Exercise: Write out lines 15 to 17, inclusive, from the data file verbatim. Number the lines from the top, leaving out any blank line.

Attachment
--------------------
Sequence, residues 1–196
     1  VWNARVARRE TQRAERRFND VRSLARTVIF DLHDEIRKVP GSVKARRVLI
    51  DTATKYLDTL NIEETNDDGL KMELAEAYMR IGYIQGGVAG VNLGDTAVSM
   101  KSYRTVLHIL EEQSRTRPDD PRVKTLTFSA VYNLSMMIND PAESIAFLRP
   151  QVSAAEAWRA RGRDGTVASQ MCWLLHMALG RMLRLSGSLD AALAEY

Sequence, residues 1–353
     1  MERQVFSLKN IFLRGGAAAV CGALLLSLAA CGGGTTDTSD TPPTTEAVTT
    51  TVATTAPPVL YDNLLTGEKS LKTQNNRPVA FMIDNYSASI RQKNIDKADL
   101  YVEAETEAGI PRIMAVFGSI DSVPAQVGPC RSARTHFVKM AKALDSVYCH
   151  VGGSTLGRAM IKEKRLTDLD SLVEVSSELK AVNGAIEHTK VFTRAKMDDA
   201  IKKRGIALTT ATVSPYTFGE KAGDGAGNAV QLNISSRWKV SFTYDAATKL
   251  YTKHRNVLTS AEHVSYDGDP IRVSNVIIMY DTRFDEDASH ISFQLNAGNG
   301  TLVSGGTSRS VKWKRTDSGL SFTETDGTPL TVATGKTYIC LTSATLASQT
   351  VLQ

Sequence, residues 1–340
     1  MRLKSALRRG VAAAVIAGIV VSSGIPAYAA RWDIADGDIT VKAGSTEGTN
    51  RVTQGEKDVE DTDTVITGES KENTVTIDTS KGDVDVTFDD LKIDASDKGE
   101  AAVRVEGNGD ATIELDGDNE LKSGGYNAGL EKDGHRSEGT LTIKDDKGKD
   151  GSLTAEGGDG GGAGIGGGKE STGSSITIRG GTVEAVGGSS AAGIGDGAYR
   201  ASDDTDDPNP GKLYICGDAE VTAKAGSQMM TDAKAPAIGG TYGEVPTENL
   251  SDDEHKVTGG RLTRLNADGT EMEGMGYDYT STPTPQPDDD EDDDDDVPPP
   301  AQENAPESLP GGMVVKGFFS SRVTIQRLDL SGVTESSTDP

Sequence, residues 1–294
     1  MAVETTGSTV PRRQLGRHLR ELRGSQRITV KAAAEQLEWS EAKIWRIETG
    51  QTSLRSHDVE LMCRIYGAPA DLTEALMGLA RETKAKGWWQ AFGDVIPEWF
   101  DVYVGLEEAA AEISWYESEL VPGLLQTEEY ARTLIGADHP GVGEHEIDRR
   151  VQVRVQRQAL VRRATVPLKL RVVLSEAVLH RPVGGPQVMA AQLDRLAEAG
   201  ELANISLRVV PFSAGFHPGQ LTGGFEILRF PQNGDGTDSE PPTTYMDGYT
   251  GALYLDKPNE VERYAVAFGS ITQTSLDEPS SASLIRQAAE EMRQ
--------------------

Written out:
Sequence, residues 1–340
     1  MRLKSALRRG VAAAVIAGIV VSSGIPAYAA RWDIADGDIT VKAGSTEGTN
    51  RVTQGEKDVE DTDTVITGES KENTVTIDTS KGDVDVTFDD LKIDASDKGE